• Line 61 - <TR> is the tag that starts a row. Alignment can be specified for the whole row, in this case vertical alignment in each cell is "top", horizontal alignment is "center". The defaults are vertical "middle" and horizontal "left" as in all the remaining rows.
  • Line 62 - <td> is the tag that opens a cell. If width is not specified the browser will try to make cells all the same width. Normally it is sufficient to specify only in the top row. NOTE: cell height will be determined by that cell in a row that requires the largest amount of space.
  • Line 68 - note that each cell and each row must be ended with the End Tags </td> and </tr> (Some articles say it is not necessary, but most browsers require this).
  • Line 70 - <td rowspan="2"> tells this cell to extend down across 2 rows.
  • Line 73 - <td colspan="2" rowspan="2"> tells this cell to extend to the right across 2 columns and down across 2 rows.
  • Line 74 - This is the specification of the image, its size in pixels, the space around it and a link to the web page where it is located.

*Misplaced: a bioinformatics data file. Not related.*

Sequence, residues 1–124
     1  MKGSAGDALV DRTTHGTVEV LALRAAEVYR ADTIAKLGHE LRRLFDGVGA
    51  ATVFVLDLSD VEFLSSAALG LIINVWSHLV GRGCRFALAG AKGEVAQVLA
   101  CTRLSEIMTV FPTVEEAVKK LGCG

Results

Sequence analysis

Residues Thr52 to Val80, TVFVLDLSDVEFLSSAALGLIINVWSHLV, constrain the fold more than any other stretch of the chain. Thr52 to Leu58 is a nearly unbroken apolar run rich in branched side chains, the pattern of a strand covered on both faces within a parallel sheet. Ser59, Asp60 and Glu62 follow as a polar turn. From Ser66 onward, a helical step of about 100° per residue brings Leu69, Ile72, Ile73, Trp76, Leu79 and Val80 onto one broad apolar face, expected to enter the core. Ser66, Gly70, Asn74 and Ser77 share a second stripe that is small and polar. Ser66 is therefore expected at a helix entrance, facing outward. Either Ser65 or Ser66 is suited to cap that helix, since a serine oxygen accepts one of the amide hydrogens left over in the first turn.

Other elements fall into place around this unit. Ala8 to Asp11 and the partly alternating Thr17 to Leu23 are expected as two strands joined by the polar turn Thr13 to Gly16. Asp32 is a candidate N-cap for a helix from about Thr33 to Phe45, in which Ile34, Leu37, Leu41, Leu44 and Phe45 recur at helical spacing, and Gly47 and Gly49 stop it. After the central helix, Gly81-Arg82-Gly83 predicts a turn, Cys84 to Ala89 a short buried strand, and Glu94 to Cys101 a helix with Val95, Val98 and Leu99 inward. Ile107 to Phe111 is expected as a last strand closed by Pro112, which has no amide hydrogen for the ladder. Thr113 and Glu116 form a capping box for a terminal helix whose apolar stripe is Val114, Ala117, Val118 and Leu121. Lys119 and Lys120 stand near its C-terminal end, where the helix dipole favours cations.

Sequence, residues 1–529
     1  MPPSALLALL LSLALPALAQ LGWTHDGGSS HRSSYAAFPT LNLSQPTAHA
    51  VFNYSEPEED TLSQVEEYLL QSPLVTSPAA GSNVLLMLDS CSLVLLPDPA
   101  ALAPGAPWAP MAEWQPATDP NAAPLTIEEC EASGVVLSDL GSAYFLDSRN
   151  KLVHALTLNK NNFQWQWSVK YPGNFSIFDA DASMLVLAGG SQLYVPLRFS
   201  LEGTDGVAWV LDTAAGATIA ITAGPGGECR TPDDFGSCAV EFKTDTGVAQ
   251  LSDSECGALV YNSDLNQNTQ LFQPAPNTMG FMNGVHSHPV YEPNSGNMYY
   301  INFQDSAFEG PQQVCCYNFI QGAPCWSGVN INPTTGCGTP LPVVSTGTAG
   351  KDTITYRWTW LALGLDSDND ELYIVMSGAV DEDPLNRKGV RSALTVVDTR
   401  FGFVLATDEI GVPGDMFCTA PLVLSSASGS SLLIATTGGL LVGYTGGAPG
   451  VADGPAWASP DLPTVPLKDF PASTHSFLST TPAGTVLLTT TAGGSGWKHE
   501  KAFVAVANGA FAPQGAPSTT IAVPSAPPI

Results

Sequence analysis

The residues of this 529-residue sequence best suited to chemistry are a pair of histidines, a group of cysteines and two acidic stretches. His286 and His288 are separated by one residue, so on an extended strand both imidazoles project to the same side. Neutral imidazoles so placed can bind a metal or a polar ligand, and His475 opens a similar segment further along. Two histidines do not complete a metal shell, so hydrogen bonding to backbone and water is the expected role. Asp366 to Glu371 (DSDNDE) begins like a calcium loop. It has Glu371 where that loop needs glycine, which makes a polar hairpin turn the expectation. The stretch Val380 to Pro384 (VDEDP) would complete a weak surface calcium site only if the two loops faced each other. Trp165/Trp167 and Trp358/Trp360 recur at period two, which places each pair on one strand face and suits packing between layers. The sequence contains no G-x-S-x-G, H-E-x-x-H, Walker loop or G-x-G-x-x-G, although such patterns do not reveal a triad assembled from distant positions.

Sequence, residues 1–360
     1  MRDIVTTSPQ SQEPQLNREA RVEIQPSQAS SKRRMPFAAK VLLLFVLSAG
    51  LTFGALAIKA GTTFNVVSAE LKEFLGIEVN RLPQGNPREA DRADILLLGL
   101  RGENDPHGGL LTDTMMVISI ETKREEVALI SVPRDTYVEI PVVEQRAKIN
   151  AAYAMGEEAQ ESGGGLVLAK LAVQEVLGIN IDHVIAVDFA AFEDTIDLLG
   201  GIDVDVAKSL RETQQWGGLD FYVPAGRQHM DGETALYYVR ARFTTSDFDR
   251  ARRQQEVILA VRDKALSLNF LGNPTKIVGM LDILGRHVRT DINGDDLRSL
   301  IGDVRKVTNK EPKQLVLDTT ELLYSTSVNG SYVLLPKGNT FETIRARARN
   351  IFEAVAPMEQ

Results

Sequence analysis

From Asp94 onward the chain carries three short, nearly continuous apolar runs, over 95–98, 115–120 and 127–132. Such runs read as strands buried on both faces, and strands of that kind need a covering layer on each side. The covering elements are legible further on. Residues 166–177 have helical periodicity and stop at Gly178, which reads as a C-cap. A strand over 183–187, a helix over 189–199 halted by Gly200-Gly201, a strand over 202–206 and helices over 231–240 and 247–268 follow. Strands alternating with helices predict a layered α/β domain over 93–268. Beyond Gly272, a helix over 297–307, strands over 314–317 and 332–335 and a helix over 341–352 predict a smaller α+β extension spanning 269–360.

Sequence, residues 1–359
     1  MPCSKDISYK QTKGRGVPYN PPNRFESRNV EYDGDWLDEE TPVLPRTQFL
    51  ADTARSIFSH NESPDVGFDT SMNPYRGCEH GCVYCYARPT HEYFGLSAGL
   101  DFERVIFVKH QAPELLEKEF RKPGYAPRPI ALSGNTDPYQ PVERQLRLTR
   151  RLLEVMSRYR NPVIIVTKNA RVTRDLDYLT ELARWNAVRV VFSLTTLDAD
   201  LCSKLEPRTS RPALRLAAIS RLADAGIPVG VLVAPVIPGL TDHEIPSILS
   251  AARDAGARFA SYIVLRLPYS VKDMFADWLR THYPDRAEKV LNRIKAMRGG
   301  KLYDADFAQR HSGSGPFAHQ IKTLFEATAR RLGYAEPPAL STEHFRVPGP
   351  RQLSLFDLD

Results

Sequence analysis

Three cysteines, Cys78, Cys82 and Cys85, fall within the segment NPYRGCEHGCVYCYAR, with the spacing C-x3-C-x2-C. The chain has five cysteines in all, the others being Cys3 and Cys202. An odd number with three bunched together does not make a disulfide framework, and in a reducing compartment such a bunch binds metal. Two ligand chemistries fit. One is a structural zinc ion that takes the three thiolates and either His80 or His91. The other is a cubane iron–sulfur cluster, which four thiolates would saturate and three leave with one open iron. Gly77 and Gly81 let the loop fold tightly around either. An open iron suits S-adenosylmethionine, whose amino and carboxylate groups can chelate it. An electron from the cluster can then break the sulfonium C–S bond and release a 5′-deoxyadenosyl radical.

• Line 79 - Note that this row has only 1 cell, because the space of other cells has been preempted by previous cells that spanned several rows. You must keep careful track of this, otherwise you will get strange results. That is why it is desirable to use a table border to help you keep track of things. At the end, you will change border="1" back to border="0" in the Table statement on line 59. Also note that we specified a different bgcolor and font for this cell.
  • Line 86 - Don't forget to place the End of Table tab </TABLE>.

It is desirable to specify column width at the head of the table. This can be done with the Tag "colgroup". For the table in this example, immediately after the <table> tag, you could write: